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Functional Areas of Human Resource Management

by Mosaniy Editorial
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What are the human resources functional areas?

A human resources professional must comprehend the functional areas of their department in order to support employees when necessary. In addition, they must make plans to expand human resources practices such that they have a favorable impact on the remainder of the firm. Here are eight of the functional areas that a human resources staff can focus on:

Employee recruitment and placement

Hiring personnel is typically the responsibility of the hiring manager, however the human resources department reviews job applications to identify qualified prospects for the hiring manager. A candidate tracking system (CTS) use keywords to assist human resources in identifying applications that fulfill the requirements of the job posting. As appropriate applications are identified, they are forwarded to the recruiting manager for consideration. After deciding whom to interview, the hiring manager contacts human resources to arrange the meeting.

After a new hire has been picked by the hiring manager, human resources assists in determining the new employee’s start date, setting up the necessary paperwork, and providing any other materials pertinent to the position for which they are being on boarded. It is the role of human resources to orient new hires, show them their new workplace, and explain the company’s policies and benefits.

A representative of human resources (HR) composes job descriptions that correspond to the qualifications for available positions. They may also be required to update a description for accuracy or to ensure that it complies with legal requirements. They can attend job fairs in order to meet potential applicants. Typically, they will receive resumes or hand out business cards and discuss the open openings at the company.

Employee Benefits

Employee perks include health insurance, retirement funds, health care flexible spending accounts, vacation time, sick leave, family leave, and any other benefits an employer may offer. An attractive benefits package helps an organization attract and retain talent. In addition to ensuring that the plans comply with federal regulations, human resources must be familiar with the various types of employee benefit programs and the insurance companies that provide the best benefits at the lowest price. Human Resources offers instructional meetings for employees regarding their benefits and ensures that they update their plans for the upcoming year.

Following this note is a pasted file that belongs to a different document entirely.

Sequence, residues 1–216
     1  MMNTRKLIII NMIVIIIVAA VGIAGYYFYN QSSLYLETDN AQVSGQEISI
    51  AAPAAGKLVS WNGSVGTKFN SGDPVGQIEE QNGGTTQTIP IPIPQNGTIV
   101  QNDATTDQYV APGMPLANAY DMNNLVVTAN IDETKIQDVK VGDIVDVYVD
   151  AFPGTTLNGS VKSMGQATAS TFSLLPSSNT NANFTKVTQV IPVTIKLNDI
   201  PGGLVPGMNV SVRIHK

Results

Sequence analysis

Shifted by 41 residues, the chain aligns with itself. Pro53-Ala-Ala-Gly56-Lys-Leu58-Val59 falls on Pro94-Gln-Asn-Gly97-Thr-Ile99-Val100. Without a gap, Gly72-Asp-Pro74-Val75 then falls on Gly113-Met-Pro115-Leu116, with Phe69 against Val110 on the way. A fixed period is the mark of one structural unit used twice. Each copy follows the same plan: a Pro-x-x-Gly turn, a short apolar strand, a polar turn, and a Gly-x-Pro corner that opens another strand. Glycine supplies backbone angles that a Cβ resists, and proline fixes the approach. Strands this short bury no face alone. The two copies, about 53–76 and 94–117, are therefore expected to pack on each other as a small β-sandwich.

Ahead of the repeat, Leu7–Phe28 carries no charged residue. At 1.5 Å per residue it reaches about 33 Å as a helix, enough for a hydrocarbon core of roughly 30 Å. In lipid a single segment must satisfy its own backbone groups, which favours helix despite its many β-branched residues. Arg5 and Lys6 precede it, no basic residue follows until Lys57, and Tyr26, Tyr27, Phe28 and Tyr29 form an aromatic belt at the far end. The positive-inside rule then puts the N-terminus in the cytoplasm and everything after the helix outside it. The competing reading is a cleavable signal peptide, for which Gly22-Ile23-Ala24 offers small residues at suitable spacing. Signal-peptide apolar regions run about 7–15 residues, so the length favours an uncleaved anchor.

Compensation for staff

Human resources is responsible for determining a person’s salary, performance bonuses, raises, and salaried versus hourly status. In this regard, they provide the payroll department with the necessary information to pay employees the exact amount if vacation money is due, a sick day was taken, or a bonus has been granted.

When it comes to compensation, HR conducts research to determine the current competitive wage for a position, if the firm can afford to offer that amount, and what benefits can be supplied in lieu of money if the company cannot reach that amount. This is done as part of putting together the benefits package presented to a candidate, while retaining the compensation structure for employees at all organizational levels.

Worker and labour relations

Regardless of whether their employees are unionized or not, human resources must follow to procedures. Human Resources must be familiar with collective bargaining methods for union-affiliated firms, but non-union employers may have subcontractor contracts for employees.

In either scenario, it is the responsibility of human resources to draft contracts, negotiate details with knowledge of what the company can offer in terms of remuneration, and understand what the employees are seeking in terms of perks. Human resource specialists must also be skilled in the negotiating process and perform the role of the neutral party, balancing the requirements of all parties. Regardless of whether the firm is a union or non-union, human resources must remain current on changes in the law, employee needs, and remuneration.